Just once in a while an image, a music score, or speech holds me absolutely spell bound … Was just an ordinary Thursday evening & a speculative YouTube search for ‘greatest speeches’ came up with a speech by Carl Sagan.
Continuing this blogs theme of showing images that changed the world, the first time I saw this photograph taken by Kevin Carter (1960-1994) it deeply affected me. The accounts of the story behind the photograph also make disturbing reading. Photo courtesy
Catching up on the daily news online, I came across an article where a former Chief of Defence Staff fell from his horse during the Trooping the Colour ceremony. A couple of things troubled me when reading this article, including,
Robert Capa (1913 – 1954) was embedded with Allied troops in Europe during World War II. Whilst storming Omaha Beach in Normandy on D-Day, 6 June, 1944, Capa took this photograph of Private First Class Huston Riley. Time Magazine in
Continuing this blogs theme of showing images that changed the world, Lieutenant Charles Levy’s photograph of the mushroom cloud over Nagasaki, following the atomic weapon being released by a B29 on the 9th of August 1945, must surely rate as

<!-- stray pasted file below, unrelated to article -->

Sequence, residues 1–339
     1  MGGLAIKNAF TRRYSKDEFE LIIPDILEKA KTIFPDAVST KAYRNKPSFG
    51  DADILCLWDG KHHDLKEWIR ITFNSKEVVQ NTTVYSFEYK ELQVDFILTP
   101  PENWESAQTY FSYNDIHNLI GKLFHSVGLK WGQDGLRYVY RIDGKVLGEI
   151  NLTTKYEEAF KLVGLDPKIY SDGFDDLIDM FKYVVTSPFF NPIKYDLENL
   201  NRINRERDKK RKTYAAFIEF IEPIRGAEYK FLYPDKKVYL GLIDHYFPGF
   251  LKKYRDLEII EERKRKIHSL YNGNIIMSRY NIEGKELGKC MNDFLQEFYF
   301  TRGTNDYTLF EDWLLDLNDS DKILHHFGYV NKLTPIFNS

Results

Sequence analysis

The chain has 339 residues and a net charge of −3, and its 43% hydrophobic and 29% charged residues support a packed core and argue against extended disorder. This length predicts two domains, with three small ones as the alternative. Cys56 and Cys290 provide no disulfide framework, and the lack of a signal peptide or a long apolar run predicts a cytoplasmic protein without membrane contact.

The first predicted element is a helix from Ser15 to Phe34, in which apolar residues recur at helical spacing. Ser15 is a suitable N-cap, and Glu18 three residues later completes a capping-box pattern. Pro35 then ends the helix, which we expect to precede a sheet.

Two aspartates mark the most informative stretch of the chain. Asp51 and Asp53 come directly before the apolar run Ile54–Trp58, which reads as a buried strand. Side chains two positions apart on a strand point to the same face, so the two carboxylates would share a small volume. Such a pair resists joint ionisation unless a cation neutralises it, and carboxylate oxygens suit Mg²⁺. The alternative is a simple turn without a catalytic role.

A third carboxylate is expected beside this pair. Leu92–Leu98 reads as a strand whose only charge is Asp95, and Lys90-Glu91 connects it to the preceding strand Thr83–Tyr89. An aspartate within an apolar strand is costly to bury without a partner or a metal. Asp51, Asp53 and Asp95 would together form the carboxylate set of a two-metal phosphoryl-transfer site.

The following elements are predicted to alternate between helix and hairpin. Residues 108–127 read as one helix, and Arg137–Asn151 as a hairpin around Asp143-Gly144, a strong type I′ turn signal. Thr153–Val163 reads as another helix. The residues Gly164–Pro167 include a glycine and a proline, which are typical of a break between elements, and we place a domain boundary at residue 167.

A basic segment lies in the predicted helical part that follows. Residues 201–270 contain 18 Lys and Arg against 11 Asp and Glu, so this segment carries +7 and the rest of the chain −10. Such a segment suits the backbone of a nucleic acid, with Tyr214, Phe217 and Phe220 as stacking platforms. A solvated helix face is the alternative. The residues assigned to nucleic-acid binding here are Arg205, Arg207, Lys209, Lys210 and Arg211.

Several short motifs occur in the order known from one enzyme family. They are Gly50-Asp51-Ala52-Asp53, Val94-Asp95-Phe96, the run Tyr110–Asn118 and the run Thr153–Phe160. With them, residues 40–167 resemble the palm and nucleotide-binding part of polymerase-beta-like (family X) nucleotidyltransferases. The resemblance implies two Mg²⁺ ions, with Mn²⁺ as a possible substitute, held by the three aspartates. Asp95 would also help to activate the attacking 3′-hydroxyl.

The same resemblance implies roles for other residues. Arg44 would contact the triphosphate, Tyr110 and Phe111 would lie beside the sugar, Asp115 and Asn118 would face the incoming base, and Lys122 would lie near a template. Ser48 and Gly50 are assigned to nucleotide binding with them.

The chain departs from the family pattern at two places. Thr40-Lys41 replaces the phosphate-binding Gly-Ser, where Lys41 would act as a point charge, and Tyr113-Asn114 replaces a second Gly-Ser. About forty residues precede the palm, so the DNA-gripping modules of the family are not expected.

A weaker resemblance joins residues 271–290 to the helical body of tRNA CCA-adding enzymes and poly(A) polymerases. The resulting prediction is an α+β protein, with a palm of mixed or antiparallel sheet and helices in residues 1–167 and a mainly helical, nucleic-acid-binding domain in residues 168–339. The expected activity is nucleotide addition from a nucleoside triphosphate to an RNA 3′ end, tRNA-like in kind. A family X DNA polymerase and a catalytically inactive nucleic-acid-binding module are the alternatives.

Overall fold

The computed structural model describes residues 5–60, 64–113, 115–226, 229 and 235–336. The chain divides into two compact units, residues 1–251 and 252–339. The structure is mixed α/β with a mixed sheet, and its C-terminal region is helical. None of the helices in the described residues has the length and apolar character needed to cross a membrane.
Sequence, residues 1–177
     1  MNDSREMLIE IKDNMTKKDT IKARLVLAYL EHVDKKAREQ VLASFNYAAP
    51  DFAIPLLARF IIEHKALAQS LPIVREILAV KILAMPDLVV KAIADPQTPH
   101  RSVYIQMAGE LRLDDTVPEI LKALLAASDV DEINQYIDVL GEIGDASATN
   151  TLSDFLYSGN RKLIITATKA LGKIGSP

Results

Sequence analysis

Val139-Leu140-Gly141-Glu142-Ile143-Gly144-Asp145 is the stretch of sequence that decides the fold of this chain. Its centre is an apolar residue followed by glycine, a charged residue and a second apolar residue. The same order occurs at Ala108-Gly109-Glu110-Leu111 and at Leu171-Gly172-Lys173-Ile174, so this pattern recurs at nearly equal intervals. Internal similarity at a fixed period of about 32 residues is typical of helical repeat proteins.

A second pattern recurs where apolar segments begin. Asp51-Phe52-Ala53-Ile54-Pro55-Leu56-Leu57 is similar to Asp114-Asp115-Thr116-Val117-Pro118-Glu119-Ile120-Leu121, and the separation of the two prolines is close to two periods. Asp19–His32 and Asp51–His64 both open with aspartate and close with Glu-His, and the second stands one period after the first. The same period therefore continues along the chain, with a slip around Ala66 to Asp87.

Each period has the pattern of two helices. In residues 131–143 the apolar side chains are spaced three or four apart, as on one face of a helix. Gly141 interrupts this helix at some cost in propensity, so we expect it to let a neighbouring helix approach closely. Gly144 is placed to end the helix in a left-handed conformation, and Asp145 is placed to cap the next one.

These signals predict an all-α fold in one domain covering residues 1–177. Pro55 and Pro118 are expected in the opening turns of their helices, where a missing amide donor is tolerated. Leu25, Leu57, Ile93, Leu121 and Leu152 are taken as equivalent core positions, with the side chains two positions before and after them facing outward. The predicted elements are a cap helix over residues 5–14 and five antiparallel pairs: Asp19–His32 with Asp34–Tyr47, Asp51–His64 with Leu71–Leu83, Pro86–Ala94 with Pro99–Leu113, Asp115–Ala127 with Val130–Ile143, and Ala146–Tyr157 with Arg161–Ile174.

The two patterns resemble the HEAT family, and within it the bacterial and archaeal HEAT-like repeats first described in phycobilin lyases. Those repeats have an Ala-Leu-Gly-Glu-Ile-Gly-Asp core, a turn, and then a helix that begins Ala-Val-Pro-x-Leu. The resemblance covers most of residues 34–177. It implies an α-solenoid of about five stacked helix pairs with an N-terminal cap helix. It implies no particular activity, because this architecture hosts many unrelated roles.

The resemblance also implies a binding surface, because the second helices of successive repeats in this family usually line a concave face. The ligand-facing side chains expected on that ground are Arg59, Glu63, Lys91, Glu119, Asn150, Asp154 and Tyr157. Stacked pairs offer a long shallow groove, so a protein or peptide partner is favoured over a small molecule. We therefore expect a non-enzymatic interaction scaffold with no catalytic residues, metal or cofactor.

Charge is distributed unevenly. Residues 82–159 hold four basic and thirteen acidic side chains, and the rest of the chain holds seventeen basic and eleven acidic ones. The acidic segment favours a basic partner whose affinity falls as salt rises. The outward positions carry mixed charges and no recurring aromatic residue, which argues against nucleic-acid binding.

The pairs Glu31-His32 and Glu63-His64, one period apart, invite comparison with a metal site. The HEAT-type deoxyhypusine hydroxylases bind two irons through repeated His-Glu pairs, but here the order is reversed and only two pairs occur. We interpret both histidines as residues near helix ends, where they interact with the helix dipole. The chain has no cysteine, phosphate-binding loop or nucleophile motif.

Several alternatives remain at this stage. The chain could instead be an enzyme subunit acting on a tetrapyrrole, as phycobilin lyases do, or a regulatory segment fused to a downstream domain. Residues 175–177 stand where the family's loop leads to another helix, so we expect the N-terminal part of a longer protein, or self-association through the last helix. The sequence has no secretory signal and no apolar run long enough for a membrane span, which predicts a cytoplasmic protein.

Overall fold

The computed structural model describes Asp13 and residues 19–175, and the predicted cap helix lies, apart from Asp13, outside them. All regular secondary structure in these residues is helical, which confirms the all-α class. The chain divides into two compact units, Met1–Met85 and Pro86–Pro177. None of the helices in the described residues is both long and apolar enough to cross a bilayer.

Continuing this blogs theme of showcasing influential photographs that changed the world, the above is Josef Koudelka’s iconic 1968 picture of the Soviet invasion of Prague, the capital city of Czechoslovakia. As the Time Magazine wrote in their explanation of
When I was teaching I came across the story of how Rick Rescorla helped save the lives of 2,687 people during the 2001 terrorist attack on the Word Trade Centre. Believing that in the event of a major disaster, the employees of Morgan
Tommie Smith and John Carlos, gold and bronze medallists in the 200m, stood with their heads bowed and a black-gloved hand raised as the American National Anthem played during the victory ceremony. Read more about this protest in an Article